Sharon Richman



Editor and Publisher

20 OVER 50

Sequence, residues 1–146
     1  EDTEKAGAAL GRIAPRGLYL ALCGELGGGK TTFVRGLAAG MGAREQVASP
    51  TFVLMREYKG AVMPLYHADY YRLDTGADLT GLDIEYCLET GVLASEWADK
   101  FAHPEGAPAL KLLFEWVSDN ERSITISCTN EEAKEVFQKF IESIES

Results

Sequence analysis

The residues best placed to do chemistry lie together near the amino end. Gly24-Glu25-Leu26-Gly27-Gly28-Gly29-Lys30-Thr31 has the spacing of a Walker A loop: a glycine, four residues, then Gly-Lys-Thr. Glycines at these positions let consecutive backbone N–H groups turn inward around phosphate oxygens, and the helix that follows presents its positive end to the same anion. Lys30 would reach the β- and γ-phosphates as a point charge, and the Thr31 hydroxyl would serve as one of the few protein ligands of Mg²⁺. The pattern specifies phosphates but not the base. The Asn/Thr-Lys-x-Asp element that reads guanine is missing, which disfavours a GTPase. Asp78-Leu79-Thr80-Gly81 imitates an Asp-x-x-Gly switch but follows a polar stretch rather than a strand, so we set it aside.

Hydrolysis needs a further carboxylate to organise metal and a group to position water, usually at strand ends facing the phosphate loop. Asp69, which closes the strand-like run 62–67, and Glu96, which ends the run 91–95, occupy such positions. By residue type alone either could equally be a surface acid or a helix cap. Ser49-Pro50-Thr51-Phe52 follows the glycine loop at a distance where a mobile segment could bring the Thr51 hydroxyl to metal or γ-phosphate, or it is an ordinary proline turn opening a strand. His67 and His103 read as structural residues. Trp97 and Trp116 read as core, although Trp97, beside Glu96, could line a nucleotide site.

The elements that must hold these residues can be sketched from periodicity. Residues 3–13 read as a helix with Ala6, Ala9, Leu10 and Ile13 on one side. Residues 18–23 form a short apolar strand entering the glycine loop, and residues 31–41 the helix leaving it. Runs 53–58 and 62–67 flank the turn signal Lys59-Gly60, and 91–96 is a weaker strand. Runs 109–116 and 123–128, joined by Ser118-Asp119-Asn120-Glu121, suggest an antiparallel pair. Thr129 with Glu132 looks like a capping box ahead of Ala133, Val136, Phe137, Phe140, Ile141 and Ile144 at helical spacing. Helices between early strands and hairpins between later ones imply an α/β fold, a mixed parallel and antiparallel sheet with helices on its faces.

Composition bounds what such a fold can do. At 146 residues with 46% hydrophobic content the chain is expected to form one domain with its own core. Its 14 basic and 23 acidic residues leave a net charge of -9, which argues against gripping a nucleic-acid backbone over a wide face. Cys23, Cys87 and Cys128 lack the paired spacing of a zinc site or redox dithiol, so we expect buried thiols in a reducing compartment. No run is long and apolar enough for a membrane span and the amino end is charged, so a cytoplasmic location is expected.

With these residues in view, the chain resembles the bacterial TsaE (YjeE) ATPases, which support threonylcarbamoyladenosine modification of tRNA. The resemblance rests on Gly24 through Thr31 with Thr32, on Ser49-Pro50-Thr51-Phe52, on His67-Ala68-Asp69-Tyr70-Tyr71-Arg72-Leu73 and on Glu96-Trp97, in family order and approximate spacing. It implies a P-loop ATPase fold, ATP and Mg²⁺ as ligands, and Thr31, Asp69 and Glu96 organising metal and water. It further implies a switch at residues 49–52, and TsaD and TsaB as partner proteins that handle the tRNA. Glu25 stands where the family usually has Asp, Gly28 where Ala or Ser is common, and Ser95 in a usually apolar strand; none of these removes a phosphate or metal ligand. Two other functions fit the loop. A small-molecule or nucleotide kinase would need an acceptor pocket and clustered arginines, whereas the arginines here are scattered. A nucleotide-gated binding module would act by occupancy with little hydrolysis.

Owner and CEO, Electric Valley Media with two publications: Shawangunk Journal in Ellenville, New York and Kingston Wire in Kingston, New York First job in news: My first job in the news business was starting the Ellenville Journal, later renamed the Shawangunk Journal. The fact is that I wanted a good local news source, and my new hometown didn’t have one. My background was in fine arts, mathematics and computer science, so I found strong partners to sell ads, edit and report, and I handled the backend. We’ve been blessed to have many extraordinary individuals, both under our employ and not, help us over the years. What are some of the most important lessons you have learned while working in news? The most important thing I’ve learned, bar-none, is to keep it local. That’s what our readers want, and that’s the content with the most impact. The second most important lesson we learned the hard way is money isn’t everything, but it’s always best to get paid upfront. When you reflect on your career to date, what brings you the greatest sense of accomplishment? The software powering our print and digital publications was a real game changer for us. We built it ourselves, and it provides us with monthly revenue growth through multiple products: subscriptions, per-article purchases using micropayments, sponsored content and advertising. I’m very proud of our forward-thinking while designing and implementing this new platform — The Atlantic profiled us and its innovations — and other publishers now use our system too. On a more personal note, I live in a very rural environment and hardly knew my new hometown when we started the paper. My kids were three and five-years-old back then, so I had to integrate the paper into my family life and vice versa. The paper provided my kids with untold experiences, such as meeting interesting people, starting their own high school newspaper and learning about their hometown — school, government, local businesses and so much more. Providing all that for my kids — and myself — while at the same time giving my community all the news it needs to thrive really does it for me. The work is fun, challenging, chaotic and fulfilling. Is that having it all? Despite the economic hardships, I say, “Yes!” What are your predictions for where news publishing/news media is heading? Coming from a computer science background, I often wonder why it took so long to start our digital offering. But our hard paywall could never have worked back in 2009; nobody would pay for news back then. Finally, it is a huge part of our budget — people are happy to pay for quality local news. But with ad revenue declining and young people obsessing about social media, philanthropy is where news media is heading. We ran a successful fundraiser this year, and I see that being necessary every year. As long as we remain relevant, trustworthy and credible, we will survive.